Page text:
by Elizabeth Chase, Coordinator for Research Services, MARBL
Elizabeth Chase shows a selection of scrapbooks to students in Walter Reed’s History of Reading course.
For many of the students who come to MARBL for the first time, their visit to the archives is pure happenstance. They happen to sign up for a course because of its time slot, the general education requirement it fulfills, or its topic. They may not know that the course involves MARBL materials, or even that MARBL exists. While many of the students who conduct research in MARBL are humanities majors, many intend to pursue law, medicine, business, or the sciences. They come to the 10th floor often having never seen a rare book or manuscript, and if we’re lucky, and do our jobs well, they leave as converts.
Elizabeth Chase leads an instruction session in the Harris Room at MARBL
MARBL currently conducts over 60 sessions per semester; students visit from a range of departments: from English and History to Jewish Studies, Art History, Journalism, African American Studies, Music, and Medicine. We offer a variety of sessions: some instructors bring their students for a “show-and-tell” of MARBL highlights related to their course topic. In these sessions, MARBL staff and graduate student assistants explain our collections, elaborating on what comprises manuscripts, archives, and rare books. At other times, we offer sessions for honors thesis students or graduate students that focus on in-depth research methods. Finally, we allow instructors to offer their own classes in MARBL; faculty such as Kevin Young and Sarah McPhee have offered semester-long courses focused on MARBL’s Raymond Danowksi Poetry Library and our rare book holdings on early Rome, respectively.
The Door Stands Open, an artist book published by Seamus Heaney, in memory of Czeslaw Milosz, Manuscript Archives and Rare Book Library, Emory University
Throughout each type of session, we emphasize our mission: to balance preservation of MARBL’s rare and unique materials with broad access for researchers. Over the past ten years, as awareness of the opportunities MARBL presents has spread, the instruction program has grown dramatically. During the 2002-2003 academic year, MARBL hosted 26 sessions for 326 students and visitors. This year, during just the first half of the 2011-2012 academic year, MARBL conducted 95 sessions for 1357 students. Some students came as part of brief tours; 600 students participating in Atlanta’s Latino Youth Leadership Conference came to MARBL in groups of 20 to view facsimile editions of Latin American works with subject librarian Phil MacLeod. For others, their interaction with our materials spans the length of a paper: Students from Donna Harper’s class at Spelman College come to MARBL each year to conduct research for a paper on Alice Walker’s The Third Life of Grange Copeland. Still others come to MARBL for a semester-long research experience: students in James Roarke’s course “Experiencing the Civil War,” explore the life of one particular participant in the Civil War—perhaps a soldier, doctor, priest, or wife— beginning with the MARBL documents that capture bits of his or her life.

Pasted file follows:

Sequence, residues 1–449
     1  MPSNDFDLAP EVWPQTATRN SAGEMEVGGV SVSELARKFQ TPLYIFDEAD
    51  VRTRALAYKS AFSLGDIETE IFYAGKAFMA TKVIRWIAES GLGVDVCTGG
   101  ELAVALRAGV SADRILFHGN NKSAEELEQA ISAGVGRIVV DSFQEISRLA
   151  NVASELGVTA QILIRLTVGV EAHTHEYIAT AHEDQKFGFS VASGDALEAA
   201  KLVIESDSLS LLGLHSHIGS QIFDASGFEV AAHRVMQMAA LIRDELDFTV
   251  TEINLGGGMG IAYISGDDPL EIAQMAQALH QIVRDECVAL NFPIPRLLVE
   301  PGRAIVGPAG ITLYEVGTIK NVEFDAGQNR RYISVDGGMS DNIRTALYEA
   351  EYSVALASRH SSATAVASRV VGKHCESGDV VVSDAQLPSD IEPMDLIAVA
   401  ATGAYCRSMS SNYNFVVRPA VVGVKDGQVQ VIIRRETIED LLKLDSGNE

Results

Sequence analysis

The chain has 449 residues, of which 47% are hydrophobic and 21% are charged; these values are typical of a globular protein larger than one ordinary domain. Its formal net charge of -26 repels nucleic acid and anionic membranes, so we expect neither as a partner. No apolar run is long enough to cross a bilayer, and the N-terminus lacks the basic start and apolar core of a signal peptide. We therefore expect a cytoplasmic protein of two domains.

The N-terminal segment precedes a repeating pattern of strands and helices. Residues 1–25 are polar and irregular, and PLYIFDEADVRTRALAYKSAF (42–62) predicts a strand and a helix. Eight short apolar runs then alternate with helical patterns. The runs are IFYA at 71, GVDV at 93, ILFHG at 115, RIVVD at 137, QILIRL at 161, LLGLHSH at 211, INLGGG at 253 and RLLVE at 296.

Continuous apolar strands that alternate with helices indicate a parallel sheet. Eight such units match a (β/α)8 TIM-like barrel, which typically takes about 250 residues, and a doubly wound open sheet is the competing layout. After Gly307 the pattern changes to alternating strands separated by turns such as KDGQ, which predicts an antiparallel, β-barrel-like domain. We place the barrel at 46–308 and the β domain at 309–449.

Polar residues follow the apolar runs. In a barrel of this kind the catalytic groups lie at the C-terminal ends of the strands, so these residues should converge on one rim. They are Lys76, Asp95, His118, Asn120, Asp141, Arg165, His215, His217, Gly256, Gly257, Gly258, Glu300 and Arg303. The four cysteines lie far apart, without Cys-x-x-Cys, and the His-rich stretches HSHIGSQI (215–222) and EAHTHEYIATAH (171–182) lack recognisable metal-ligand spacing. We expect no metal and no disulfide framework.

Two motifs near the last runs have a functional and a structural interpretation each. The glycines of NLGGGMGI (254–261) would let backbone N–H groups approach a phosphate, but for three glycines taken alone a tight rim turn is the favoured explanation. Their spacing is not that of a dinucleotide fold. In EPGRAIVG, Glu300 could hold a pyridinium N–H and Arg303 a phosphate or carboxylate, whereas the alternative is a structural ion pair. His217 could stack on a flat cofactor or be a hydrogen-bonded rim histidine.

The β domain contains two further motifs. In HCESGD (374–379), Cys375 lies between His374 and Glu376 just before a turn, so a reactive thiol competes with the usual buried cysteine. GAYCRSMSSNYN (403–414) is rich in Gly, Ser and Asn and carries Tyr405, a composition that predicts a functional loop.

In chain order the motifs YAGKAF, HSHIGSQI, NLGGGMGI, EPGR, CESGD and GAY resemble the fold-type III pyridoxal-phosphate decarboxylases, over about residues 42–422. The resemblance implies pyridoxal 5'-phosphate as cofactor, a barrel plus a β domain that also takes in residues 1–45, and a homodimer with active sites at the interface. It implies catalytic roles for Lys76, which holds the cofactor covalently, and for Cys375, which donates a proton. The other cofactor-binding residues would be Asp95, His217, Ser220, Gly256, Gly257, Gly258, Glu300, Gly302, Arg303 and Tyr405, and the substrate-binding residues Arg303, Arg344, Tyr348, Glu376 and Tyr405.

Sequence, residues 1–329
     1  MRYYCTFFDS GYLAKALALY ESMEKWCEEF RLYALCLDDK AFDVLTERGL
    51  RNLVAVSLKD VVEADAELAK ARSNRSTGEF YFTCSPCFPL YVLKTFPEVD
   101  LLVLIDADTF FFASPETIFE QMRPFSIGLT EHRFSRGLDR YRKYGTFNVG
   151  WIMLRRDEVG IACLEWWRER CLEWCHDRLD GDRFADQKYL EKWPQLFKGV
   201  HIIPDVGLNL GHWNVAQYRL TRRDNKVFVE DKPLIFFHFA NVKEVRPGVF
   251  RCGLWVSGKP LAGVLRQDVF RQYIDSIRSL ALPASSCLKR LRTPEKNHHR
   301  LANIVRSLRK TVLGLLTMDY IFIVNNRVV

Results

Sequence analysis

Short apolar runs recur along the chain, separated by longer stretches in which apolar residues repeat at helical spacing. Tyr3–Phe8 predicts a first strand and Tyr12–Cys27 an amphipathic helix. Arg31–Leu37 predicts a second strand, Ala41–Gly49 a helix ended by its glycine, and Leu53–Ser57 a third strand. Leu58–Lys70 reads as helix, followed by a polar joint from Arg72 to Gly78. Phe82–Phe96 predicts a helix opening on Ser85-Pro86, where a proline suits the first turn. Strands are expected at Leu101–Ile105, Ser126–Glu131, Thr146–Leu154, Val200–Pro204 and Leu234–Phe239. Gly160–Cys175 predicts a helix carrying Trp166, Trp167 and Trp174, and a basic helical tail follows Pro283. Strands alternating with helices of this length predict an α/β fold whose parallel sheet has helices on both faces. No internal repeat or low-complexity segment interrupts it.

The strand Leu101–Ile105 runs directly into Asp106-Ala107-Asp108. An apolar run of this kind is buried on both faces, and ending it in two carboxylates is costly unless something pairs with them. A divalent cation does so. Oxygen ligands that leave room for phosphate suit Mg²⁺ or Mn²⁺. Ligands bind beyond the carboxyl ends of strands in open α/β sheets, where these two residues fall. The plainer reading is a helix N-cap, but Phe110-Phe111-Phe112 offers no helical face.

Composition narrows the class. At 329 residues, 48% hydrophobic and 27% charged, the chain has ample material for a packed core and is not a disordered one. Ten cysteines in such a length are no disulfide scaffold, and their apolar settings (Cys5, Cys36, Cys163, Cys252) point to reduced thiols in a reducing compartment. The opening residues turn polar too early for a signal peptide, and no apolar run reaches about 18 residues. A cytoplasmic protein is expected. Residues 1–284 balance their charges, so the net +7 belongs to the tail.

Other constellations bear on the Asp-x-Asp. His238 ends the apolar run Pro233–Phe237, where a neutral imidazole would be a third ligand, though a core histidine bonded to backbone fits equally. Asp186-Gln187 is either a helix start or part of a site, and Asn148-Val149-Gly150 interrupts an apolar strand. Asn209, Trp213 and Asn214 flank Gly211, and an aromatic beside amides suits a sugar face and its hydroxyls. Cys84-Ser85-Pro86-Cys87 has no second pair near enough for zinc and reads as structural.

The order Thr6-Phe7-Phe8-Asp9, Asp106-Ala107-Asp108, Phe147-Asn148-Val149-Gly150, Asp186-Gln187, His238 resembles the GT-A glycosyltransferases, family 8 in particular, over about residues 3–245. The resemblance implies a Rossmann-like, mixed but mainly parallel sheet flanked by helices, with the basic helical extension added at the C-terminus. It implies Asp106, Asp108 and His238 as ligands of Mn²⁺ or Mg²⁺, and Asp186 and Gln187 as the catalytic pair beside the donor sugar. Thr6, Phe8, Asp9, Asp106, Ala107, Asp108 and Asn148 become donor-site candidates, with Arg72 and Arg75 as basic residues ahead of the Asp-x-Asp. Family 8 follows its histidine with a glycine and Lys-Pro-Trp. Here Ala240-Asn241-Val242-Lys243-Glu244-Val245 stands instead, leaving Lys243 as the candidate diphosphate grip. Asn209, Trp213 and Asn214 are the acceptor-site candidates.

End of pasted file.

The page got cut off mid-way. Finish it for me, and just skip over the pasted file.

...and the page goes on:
Students who undertake research in MARBL are asked to engage in a different and often completely new form of research. The unique materials housed in MARBL’s collections contain documents that only a handful of people may have taken the time to peruse fully; here, students can find evidence that no one else has discussed. Ultimately, what we want students to know is this: These items are here, and they are here to be used. As much as for the venerate scholar, these items are here for you.
The full version of this text originally appeared in the Spring 2012 edition of the Manuscript, Archives and Rare Book Library Magazine.